That's Marvel for you. ^^
He is the crossover sensation but I'd say the situation is similar to how Superman remains the flagship character for DC while Batman is more popular across all media. I know Iron Man isn't at the Batman level but I wouldn't be surprised if that became the case eventually. Maybe Wolverine's next solo film does nearly as well but I somehow doubt that it will do Iron Man numbers.
As I sort of said earlier, I think that will depend on whether the main draw for the movies was actually the Iron Man character, or just Robert Downey Jr. potraying him. Batman is Batman regardless of who plays him... but with Iron Man at this point it's a bit less clear.
The movie Iron Man is a great character because he fundamentally did the same thing --- he also matured as a hero, a person, and a character throughout the course of the movies he appeared/starred in, growing from a shallow hedonist who could care less about the consequences of his inventions so long as he made money off them to maintain his extravagant lifestyle to someone who appreciated the responsibilities a man of his genius and stature had to the world and the people around him and strove to live up to them despite his failings in the past. That element of growth and progression and actual maturation shared between the movie Iron Man and most versions of Spider-Man is to me the major storytelling theme of the Marvel Universe and even shines through in some of the more recent ideas like the Avengers Academy, the Jean Grey School for Higher Learning, the Future Foundation, and even Spider-Man's ill-fated run with Alpha as his sidekick. To me, the overarching theme with those concepts is what this generation of heroes owes to the next generation, given that Civil War could possibly be interpreted as showing the worst possible outcome of when the older generation leaves the younger generation to its own devices without real guidance.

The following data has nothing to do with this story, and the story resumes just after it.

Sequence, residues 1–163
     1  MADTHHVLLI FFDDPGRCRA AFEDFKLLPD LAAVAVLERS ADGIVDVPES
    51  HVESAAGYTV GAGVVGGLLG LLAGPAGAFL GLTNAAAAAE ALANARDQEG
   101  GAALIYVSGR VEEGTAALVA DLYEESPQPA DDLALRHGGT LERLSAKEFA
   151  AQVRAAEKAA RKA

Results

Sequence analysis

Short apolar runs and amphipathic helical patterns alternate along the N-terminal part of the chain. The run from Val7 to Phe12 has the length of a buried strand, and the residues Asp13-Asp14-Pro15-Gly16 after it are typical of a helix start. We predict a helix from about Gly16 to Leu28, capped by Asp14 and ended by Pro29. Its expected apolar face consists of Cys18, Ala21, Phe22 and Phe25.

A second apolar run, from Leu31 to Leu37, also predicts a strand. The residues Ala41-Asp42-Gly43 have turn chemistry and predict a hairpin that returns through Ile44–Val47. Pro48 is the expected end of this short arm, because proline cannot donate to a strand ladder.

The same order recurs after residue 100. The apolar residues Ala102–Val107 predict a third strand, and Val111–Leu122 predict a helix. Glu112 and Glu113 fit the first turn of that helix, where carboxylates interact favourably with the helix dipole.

Alas, as others have noted here, Marvel's stubborn dedication to regression and stagnation in the case of characters like Spider-Man and Iron Man (undoing Peter's longstanding marriage to Mary Jane with One More Day, and "rebooting" Iron Man so that he's "no longer accountable" for his actions in Civil War and onward even though he went on to claim that he'd do the same things if given the chance to redo those events and later did even worse in the current New Avengers) puts the lie to that theme of progress and maturation I was just talking about, if that's what they're going to do with their flagship characters. It's really quite a shame.
Back in black, the hunter is ready to claim his prey.
"That's not just "one man"! That's TONY FREAKING STARK. You're intel should've warned us that he was James Bond and "Q" wrapped in the same guy!" Cobra
Reading: Deathnote, Batman by Morrison